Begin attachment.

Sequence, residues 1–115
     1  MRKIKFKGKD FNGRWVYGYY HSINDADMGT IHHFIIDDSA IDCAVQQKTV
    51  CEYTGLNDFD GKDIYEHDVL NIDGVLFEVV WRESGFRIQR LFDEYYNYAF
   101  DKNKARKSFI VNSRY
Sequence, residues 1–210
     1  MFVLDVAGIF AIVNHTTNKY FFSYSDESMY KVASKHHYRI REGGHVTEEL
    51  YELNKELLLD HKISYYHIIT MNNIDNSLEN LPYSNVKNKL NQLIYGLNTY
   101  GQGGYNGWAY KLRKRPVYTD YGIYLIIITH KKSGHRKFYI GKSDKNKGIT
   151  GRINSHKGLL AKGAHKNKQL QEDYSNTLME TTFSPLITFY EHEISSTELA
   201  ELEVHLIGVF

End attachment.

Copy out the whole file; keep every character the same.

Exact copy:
Sequence, residues 1–115
     1  MRKIKFKGKD FNGRWVYGYY HSINDADMGT IHHFIIDDSA IDCAVQQKTV
    51  CEYTGLNDFD GKDIYEHDVL NIDGVLFEVV WRESGFRIQR LFDEYYNYAF
   101  DKNKARKSFI VNSRY
Sequence, residues 1–210
     1  MFVLDVAGIF AIVNHTTNKY FFSYSDESMY KVASKHHYRI REGGHVTEEL
    51  YELNKELLLD HKISYYHIIT MNNIDNSLEN LPYSNVKNKL NQLIYGLNTY
   101  GQGGYNGWAY KLRKRPVYTD YGIYLIIITH KKSGHRKFYI GKSDKNKGIT
   151  GRINSHKGLL AKGAHKNKQL QEDYSNTLME TTFSPLITFY EHEISSTELA
   201  ELEVHLIGVF